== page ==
To speak or not to speak – that is the question

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Eva Ablett prepared this article for a CIPR Professional PR Diploma assignment while studying with PR Academy.

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In the days and weeks after 24 February 2022, the day Russia invaded Ukraine, public opinion tightened the thumbscrews on global companies that hadn’t ceased trading in or with Russia. Meanwhile, in June of every year, our LinkedIn pages are filled with rainbow-coloured logos as corporate logos are temporarily changed for LGBTQ+ Pride Month.

Headlines suggest that the general public, employees and investors no longer expect only government organisations to support or denounce matters of social, political or environmental importance. Your company is expected to do so too.

Businesses may make decisions regarding climate strategies and other such policies on a board level. But it is the PR professional who should decide whether, when and how social, political and environmental issues should be addressed or responded to on a daily basis.

It is the PR professional who should decide whether, when and how social, political and environmental issues should be addressed or responded to on a daily basis.

A social conscience is what the Oxford English Dictionary defines as “a sense of responsibility or concern for the problems and injustices of society”. Should your company have a social conscience? If so, what should you be speaking out on?

The pressures of Corporate Social Responsibility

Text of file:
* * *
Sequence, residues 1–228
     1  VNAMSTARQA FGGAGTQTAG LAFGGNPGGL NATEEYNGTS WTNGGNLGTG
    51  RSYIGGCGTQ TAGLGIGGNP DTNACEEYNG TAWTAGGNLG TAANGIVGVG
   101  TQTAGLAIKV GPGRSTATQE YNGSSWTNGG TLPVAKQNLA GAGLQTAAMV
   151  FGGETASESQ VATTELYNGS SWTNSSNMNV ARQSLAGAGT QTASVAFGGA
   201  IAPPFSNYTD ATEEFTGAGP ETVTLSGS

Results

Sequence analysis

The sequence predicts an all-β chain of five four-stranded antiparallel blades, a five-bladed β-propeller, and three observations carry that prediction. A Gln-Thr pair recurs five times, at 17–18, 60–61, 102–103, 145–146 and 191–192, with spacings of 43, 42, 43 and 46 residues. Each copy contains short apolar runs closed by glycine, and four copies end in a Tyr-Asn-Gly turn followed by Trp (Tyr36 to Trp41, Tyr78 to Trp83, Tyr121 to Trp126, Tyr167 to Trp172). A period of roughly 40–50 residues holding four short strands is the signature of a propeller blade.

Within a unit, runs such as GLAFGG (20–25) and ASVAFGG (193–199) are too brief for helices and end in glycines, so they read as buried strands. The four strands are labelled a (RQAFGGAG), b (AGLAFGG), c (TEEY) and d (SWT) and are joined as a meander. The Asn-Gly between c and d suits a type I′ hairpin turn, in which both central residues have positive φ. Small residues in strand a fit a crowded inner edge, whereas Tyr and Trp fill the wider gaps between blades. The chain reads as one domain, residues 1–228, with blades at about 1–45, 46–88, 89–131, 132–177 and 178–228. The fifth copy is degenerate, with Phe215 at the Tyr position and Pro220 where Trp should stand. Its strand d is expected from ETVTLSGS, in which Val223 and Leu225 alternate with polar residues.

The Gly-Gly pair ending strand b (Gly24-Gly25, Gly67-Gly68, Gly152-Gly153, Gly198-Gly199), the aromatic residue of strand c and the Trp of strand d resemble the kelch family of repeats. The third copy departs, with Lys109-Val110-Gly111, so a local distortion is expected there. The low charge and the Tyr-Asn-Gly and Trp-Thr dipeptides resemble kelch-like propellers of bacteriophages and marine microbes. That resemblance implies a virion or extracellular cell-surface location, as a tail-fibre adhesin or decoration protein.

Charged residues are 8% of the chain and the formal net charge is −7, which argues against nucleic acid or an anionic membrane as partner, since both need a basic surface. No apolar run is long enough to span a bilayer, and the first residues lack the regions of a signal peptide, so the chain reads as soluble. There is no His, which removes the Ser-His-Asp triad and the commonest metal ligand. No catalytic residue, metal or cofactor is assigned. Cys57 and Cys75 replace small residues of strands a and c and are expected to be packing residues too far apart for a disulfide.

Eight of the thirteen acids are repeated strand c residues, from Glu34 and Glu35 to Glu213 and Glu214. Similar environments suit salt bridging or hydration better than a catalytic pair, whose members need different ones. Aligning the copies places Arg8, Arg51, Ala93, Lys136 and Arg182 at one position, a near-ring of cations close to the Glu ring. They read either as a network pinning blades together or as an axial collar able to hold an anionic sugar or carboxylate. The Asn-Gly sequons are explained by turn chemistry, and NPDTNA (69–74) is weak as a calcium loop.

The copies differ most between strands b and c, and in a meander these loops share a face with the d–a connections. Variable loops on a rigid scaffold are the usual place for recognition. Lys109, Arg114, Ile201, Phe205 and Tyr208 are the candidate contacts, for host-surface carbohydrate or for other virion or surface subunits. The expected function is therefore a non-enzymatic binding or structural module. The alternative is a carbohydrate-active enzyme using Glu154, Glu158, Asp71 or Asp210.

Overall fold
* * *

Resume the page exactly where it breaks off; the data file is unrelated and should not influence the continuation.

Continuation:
The pressure to respond to social and political issues is rooted in the concept of Corporate Social Responsibility (CSR). This responsibility towards employees, investors, other stakeholders and society in general to make a positive contribution, has significantly evolved since the 1950s.

In the late 1950s and the early ‘60s, top economists like Levitti and Friedman[ii] were entirely comfortable in their argument that businesses should stick to doing business. Then, the rise of social justice, environmental and equality movements over the 1960s and ‘70s came with an increased desire of accountability for corporations. By 1991, Carroll’s Pyramid of CSR included not only economic and legal responsibilities, traditionally known to be inward-facing building blocks of corporate duty, but also the more abstract and outward ethical and philanthropic responsibilities on top[iii].

Taking on philanthropic responsibilities, which include donating to a cause or volunteering and publicising it, may be much more reputationally lucrative – and therefore appealing – than ensuring a business is run in an ethical manner on a daily basis, often behind the scenes. As such, it is not difficult to see how companies can shout from the rooftops about their philanthropic endeavours whilst falling short from an ethical perspective.